Oliver Kazunga, Senior Business Reporter
GOVERNMENT has pegged interest rates for loans to be accessed by looted businesses during the recent violent protests at between two and four percent per annum.
The loans are set to be accessed soon and will have a repayment period of up to 24 months, Industry and Commerce Minister, Nqobizitha Mangaliso Ndlovu, said.
Following the violent protests in January, Government set up a $30 million funding facility to help affected businesses to restock and rebuild their infrastructure.
Speaking at an exhibition dinner hosted by the Grain Millers’ Association of Zimbabwe (GMAZ) in Bulawayo last week, Minister Ndlovu said:
“I wish to be clear from the onset that from a Government point of view, this is our duty of rescue, we are doing this to keep the businesses afloat and it is not compensation.
“Those who listed equipment and wish to replace it will be paying an interest rate of three percent per annum and have 12 months to 24 months to repay.”
He encouraged businesses that suffered losses during the protests to pursue legal channels in terms of seeking compensation saying the organisers of those demonstrations were responsible and liable.
“And those who list their buildings during the process will access the facility at a concessionary rate of interest of two percent per annum with 10 to 15 years repayment period,” Minister Ndlovu said, adding that businesses intending to restock would have an interest rate of four percent per annum.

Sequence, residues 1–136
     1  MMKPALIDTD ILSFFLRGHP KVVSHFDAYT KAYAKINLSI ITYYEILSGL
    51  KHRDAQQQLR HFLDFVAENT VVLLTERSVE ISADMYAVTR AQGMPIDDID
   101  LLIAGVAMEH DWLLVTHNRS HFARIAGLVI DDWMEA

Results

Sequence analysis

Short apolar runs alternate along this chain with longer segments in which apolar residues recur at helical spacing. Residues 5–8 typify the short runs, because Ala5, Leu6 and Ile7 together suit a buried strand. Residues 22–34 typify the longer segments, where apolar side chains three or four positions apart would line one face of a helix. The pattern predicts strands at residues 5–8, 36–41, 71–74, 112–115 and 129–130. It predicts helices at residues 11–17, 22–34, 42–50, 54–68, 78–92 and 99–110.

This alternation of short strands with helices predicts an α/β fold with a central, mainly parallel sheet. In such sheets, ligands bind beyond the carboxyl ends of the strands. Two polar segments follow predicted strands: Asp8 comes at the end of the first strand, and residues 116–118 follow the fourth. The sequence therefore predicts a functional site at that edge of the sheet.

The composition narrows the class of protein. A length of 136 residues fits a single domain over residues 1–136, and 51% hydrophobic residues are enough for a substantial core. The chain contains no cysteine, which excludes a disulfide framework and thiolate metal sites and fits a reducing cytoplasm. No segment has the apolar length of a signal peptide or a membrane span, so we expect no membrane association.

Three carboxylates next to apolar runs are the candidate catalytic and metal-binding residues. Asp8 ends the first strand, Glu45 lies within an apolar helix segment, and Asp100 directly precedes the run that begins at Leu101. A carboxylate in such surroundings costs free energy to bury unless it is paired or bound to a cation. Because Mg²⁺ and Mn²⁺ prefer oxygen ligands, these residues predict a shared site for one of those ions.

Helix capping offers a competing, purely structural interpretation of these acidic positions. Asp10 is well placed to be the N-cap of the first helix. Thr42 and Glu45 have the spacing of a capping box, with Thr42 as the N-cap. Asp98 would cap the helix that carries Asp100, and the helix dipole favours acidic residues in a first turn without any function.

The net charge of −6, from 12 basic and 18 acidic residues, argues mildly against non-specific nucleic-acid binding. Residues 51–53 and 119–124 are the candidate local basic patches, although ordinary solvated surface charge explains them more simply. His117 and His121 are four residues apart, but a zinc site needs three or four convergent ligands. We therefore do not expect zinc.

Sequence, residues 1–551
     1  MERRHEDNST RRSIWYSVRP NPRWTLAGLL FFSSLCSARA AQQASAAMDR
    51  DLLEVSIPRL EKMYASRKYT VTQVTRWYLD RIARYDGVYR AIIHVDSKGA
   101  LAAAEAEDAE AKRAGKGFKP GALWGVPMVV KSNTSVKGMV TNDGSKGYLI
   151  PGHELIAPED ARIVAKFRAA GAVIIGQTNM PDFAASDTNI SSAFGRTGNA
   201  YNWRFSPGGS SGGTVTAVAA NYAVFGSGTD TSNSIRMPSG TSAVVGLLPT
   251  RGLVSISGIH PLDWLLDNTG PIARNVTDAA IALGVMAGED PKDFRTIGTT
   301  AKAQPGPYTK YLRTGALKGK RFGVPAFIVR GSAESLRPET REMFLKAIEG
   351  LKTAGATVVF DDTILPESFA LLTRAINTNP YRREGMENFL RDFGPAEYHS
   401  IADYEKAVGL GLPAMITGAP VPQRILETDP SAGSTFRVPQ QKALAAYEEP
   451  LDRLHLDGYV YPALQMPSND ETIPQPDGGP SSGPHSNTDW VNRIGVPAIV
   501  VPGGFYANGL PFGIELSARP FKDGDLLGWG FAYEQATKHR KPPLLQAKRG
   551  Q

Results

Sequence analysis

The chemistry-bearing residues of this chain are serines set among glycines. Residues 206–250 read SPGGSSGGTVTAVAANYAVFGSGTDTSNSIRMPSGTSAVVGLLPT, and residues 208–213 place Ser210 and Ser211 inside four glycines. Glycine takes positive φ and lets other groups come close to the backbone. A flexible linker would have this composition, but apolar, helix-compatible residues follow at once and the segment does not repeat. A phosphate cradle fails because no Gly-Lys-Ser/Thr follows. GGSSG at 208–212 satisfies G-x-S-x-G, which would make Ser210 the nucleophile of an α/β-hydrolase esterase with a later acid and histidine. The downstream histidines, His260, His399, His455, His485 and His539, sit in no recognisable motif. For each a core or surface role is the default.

The Minister said businesses that would access the fund should prioritise repaying unlike in the past where there have been cases of people who viewed Government interventions as free money.
“We will put proper monitoring mechanisms in this facility because we expect our business community at least to adhere to basic business principles,” he said.
When the disturbances occurred, Minister Ndlovu and other senior Government officials visited businesses around Bulawayo and requested the Minister of State (Judith Ncube) to liaise with key stakeholders in gathering information around the losses.
“We got a full list at the time of the businesses who had suffered losses together with their estimated losses quantum. And it is on that basis that we applied to Government for a relief funding. The $30 million is a flagship of the amount that we got from the Ministers of State across the 10 provinces,” he said.
The Minister said they regard the businesses who submitted their names and estimates of losses during that time when nobody knew that there was relief coming as the template for repayment.
This was being done to ensure the process will not be manipulated.
“It’s not going to be possible for us to receive any new applications because we want to avoid manipulation of the process.
“This is by no means saying that we view you as less genuine, but it’s also important that we have adequate control measures as we implement this,” said Minister Ndlovu.
He commended efforts by GMAZ for ensuring basic commodities supply after the violent demonstrations.
GMAZ chairman Mr Tafadzwa Musarara said the milling industry was willing and capacitated to participate in the restocking programme.
“We are here to register to you that the milling industry is ready, willing and able to be your suppliers and allies as you commence the process of rebuilding in terms of restocking and replacement of capital equipment wantonly destroyed and looted during the disturbances of January 2019,” he said.
In the violent demonstrations, the milling sector lost nearly $3 million worth of stock.